Making Things Strange: An Inverse Problem in Teaching


It is common to explain the unfamiliar by reference to the familiar, but when teaching a quotidian science (of the everyday) this explanatory mode is inverted.

Strange Ideas#

Many are mystified and threatened by the algorithm. This word is most typically invoked in discussions about the black boxes that digest our data and spit out personalised feeds, advertisements and recommendations. The inner workings of the black box are complex and often proprietary, maintaining their distance and strangeness.

$$input \xrightarrow{black \ box} output$$

The algorithm is a more general tool than the discourse suggests, with applications that extend far beyond e-commerce and social media. Students of programming usually take a course in algorithms. Here they learn how to write code that prints sequences of characters to the screen or calculates statistics for a dataset. Later they encounter more complex algorithms that can help simulate enemy movement in video games or — indeed — generate personalised recommendations for a vast social network.

The generality of a tool like the algorithm lies in its abstractness. Conceptual and underspecified, its implementations apply to a broad class of particular cases. Mathematical operations like sum are similarly abstract. We can conceive of summing a collection of physical objects, summing a set of integers or summing millilitres of liquid. In a computer program, a simple algorithm would be employed to implement the concept of asum.

When teaching there is tendency to appeal first to concrete instances rather than directly engaging with an abstract concept. The first model of the algorithm that many encounter is the recipe. To develop an understanding we direct knowledge from a familiar, concrete source (recipes) to an unfamiliar, abstract target (algorithms) through the invocation of metaphor (or analogy):

$$source \xrightarrow{metaphor} target$$

Appealing to the Familiar#

In The Art of Computer Programming the computer scientist Donald Knuth (1968) explained how an algorithm is analogous to a recipe. Just like a recipe, it takes a finite amount of inputs and produces a specific output. This transformation requires that a sequence of steps be first defined and then carried out in a particular order. It can be expected that Knuth's analogy (like all analogies) will crumble at some point; for now, it is enough for us to "grasp" at the abstract concept in a useful way.

Just as a cook follows a recipe to produce a meal, a computer processes code to produce a desired output, which could be a successful calculation or a graphical representation. For some computer scientists, the salient distinction between these two kinds of procedures is the degree to which the instructions can be said to have precision. A recipe — they assume — is prone to ambiguity and may yield different results depending on who interprets its steps. The education of a programmer then places a strong emphasis on achieving precision when defining the goals of a program, articulating clearly the structure of the requisite code and testing effectively the reliability of its performance. As a teacher I am fascinated by this bait-and-switch as pedagogical rhetoric. Coding is like cooking. This is a model of cooking and how it maps to our concept of programming. You are programmers not cooks. Here is why our programs must never be merely like recipes.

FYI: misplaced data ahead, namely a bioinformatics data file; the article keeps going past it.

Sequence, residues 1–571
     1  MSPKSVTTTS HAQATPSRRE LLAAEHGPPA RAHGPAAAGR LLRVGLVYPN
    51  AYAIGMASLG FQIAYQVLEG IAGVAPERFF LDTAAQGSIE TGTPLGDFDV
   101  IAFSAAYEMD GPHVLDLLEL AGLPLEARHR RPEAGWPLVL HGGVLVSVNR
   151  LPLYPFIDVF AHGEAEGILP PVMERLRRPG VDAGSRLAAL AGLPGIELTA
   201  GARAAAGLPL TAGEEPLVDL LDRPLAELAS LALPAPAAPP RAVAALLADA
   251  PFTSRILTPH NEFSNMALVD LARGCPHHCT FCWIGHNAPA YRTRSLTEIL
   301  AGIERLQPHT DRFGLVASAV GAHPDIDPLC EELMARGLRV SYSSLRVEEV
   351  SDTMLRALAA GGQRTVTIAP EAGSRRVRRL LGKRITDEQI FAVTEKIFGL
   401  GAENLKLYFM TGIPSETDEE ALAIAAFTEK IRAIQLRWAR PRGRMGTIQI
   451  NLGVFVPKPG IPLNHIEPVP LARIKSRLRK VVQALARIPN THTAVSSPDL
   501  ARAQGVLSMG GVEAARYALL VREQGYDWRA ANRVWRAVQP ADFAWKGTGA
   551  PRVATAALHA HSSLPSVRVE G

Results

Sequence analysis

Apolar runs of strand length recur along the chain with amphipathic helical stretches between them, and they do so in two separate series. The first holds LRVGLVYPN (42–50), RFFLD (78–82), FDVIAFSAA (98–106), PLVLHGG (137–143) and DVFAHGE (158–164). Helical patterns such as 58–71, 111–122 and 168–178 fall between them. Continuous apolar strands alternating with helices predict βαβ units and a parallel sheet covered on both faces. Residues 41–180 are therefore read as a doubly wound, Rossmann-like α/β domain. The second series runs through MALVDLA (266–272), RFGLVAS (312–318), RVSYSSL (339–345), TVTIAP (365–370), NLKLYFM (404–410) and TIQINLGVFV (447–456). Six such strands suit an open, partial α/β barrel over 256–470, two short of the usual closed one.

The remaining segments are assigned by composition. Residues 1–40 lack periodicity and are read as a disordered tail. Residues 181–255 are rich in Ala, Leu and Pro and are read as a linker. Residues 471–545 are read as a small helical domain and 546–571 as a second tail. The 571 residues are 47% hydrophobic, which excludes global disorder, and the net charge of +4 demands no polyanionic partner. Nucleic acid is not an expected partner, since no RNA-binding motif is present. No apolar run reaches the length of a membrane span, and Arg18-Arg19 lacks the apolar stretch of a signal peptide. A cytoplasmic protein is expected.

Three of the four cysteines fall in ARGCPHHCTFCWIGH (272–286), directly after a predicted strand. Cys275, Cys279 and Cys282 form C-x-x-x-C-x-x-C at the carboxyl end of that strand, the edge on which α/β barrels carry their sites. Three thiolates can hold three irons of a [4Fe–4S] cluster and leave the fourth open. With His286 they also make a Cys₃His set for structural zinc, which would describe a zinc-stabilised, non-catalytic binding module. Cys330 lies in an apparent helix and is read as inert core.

Most programs are composed of functions, small self-contained procedures that transform a set of inputs into an output. A calculator is a program that can perform different kinds of mathematical operations, each defined by an appropriate function (sum, multiply, divide). "Pure" functions in programming are essentially the same as mathematical functions. They map a set of inputs from a source domain to a target codomain. In a pure function, like sum_two_numbers, given multiple inputs (2, 3) there is only one output (5). The function sum_two_numbers should achieve the same transformation in all contexts. It will always map the same two numbers in the source domain to one number in the codomain.

$$domain \xrightarrow{function} codomain$$

The process of cooking a meal can also be understood as being composed of smaller procedures. A meal consists a combination of materials, each of which has been transformed by an appropriate procedure (peeling, mixing, heating). However, a cooking procedure may yield different outputs dependent on context. For example, two people may have varying degrees of skill and/or may interpret the instructions differently. On this limited account, a cooking procedure is further from the Platonic ideal of a mathematical function than a computer program, assuming that such programs consist strictly of pure functions (and most — in fact — do not).

$$recipe \xrightarrow{interpret \ \& \ act} meal$$

As an aside, it should be noted that the distinction between technical (computational) and nontechnical (culinary) procedures that privileges the former as more effective has been challenged by some theoretical computer scientists (see Cleland, 2001). In addition, practitioners in fields like molecular gastronomy assert that great precision can be achieved when cooking, if certain rules and principles are followed, perhaps resulting in a more algorithmic cookery. As Dan Cox suggests in a blog in Digital Ephemera, understanding through metaphor might operate in a bidirectional manner, rather than the strictly unidirectional $source \to target$ scheme: